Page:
Preparing for the future while operating in today’s environment is tricky business. Participants in a deep dive session on the implications of global trends at the Association for the Advancement of International Education’s (AAIE’s) annual conference seemed acutely aware of that tension. How to balance international schools’ relative freedom and agility against constraints such as resources, parents’ expectations, the goal of getting students into US or UK universities, and the demands of today’s curricula?
As we explored implications of The Future of Learning: Education in the Era of Partners in Code for international schools, customizing learning to a greater extent than is common today and supporting more personalized academic and vocational learning pathways arose as one key area of opportunity. The prototype below reflects the potential for customized learning pathways rooted in a common foundation to open space for curricular innovation as the changing world of work creates shifting content and skills targets.
The conversation also highlighted the opportunity to increase international schools’ ability to support whole-person development through intentional education road maps and aligned measures of achievement. A prototype solution involved building schools’ capacity in the areas of social-emotional learning, leadership development, and brain research. In this solution, a director or head of school would hold the school’s values and foster the desired culture while also building and maintaining board support and capacity. The school would recruit educators with expertise in one of the three competency areas and would develop all educators’ competencies in them. (That prototype involved a Venn diagram created out of tape and was more ephemeral….)
These initial ideas illustrate how engaging with future possibilities can help illuminate ways of connecting big global trends with a specific context. Supporting curricular innovation in response to changing needs and building schools’ capacity to support whole-person development represent just two of the many opportunities on the horizon for international schools. While the form might vary in other contexts, these opportunities also seem relevant to many schools. For more strategies related to renegotiating definitions of success and educating the whole person, as well as other opportunities to lead toward the future of learning, see KnowledgeWorks’ Shaping the Future of Learning: A Strategy Guide© and the accompanying workbook, Shaping the Future of Learning: K-12 School-Based Education Strategy Workbook©.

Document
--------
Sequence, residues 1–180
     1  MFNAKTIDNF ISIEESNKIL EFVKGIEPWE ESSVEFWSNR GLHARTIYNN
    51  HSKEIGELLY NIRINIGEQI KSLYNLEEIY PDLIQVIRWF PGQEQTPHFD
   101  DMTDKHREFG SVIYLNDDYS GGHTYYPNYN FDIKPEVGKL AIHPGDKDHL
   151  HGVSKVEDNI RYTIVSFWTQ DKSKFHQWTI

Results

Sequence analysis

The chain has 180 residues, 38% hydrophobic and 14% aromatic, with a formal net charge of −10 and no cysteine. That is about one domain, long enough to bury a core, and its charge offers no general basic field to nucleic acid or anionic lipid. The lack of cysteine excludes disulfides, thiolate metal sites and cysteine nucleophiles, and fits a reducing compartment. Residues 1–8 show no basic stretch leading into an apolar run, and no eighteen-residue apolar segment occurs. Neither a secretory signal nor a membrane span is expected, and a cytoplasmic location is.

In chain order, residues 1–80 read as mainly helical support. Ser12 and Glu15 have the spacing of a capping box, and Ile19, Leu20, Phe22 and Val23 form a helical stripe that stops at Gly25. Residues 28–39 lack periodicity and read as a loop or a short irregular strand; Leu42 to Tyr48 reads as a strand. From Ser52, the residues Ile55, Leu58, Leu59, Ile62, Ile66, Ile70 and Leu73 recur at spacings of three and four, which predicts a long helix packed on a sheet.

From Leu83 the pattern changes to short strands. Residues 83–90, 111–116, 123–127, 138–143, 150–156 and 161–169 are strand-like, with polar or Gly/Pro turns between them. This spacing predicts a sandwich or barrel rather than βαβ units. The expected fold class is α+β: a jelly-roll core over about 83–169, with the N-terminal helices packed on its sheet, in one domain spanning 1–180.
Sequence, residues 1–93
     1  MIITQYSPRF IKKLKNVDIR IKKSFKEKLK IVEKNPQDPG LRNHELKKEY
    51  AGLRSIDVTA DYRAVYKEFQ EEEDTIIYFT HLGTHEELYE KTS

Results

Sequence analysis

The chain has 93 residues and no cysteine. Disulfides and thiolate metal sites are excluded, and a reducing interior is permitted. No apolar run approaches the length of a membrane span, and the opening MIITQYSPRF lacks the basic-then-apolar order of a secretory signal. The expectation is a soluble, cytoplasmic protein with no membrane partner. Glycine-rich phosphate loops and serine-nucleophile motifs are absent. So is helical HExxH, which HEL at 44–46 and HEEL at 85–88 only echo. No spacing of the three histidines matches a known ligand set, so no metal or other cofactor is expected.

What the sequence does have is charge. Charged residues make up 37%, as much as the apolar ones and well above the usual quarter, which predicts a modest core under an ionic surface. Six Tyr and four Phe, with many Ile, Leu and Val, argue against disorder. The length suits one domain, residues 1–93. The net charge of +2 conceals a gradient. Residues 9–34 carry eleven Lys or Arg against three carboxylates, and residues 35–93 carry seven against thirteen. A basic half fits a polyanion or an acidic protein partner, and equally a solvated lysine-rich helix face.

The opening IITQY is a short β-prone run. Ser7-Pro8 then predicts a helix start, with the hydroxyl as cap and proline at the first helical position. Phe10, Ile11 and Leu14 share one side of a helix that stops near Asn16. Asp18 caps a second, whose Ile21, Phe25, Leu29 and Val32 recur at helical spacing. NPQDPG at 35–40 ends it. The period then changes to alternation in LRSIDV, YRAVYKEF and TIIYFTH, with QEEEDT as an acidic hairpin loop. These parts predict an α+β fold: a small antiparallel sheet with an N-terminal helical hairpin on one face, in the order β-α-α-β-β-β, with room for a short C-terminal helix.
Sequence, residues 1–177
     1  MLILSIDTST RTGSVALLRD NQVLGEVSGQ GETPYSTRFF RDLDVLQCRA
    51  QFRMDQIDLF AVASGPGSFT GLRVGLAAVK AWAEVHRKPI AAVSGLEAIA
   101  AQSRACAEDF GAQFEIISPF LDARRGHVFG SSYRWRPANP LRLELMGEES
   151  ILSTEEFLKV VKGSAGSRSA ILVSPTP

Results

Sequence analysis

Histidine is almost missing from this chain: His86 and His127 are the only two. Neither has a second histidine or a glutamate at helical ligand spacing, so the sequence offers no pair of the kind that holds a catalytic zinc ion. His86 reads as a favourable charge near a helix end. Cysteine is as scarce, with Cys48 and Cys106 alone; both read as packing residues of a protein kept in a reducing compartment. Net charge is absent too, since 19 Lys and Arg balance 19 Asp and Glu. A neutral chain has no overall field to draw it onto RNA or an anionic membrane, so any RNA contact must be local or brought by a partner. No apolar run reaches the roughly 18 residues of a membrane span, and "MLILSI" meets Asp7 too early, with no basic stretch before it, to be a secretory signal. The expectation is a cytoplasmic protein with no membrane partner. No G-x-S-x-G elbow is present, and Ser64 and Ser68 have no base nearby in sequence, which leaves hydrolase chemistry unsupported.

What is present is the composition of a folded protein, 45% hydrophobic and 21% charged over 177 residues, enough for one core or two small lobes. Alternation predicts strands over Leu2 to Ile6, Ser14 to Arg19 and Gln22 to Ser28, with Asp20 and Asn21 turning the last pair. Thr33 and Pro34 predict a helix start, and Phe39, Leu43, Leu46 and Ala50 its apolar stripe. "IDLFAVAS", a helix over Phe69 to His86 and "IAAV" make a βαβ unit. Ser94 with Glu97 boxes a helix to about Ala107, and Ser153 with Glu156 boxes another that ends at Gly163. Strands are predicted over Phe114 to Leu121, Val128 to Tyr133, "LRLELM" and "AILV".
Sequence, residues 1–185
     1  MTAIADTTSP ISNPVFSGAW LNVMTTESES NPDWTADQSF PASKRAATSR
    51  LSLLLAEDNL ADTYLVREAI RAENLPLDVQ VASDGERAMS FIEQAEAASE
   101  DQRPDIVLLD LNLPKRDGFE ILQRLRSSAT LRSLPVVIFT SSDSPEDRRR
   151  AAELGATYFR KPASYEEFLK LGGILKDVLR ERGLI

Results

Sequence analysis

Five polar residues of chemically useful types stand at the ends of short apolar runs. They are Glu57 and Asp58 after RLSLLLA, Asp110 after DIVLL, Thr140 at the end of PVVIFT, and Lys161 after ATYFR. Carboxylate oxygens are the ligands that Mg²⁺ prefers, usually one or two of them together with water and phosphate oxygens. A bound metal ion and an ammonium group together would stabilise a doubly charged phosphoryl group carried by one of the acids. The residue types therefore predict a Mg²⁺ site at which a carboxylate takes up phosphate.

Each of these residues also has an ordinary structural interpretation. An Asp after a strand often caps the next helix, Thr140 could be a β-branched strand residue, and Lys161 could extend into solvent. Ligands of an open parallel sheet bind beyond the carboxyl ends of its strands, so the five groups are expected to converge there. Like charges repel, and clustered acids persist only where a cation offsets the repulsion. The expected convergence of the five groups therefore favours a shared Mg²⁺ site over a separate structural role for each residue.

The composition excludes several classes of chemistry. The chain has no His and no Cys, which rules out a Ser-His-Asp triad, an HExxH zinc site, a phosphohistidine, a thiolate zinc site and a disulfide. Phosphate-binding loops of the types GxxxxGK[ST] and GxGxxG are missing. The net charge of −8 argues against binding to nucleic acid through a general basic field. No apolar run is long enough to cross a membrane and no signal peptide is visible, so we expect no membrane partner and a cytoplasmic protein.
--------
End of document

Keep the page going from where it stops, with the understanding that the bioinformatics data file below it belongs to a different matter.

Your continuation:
If you want to dig into these strategies with a group or whet your appetite for considering innovation in your context, you might consider warming up with a few prompts designed to surface you and your colleagues’ orientation to the future. These prompts are an adaptation of an exercise created by the Institute for the Future:
- Generally speaking, international schools (or your type of school) are very prepared / not at all prepared for the future.
- I tend to be deeply fearful / deeply excited about the future.
- In my current position, I feel quite empowered / disempowered about helping my school or organization move toward a positive future.
Placing yourself on these scales or asking a group of people to line up according to their answers, and then reflecting on or talking about the responses, can help illuminate the many factors influencing people’s sense of agency in shaping the future and the many considerations involved in balancing innovation and tradition, whatever your context.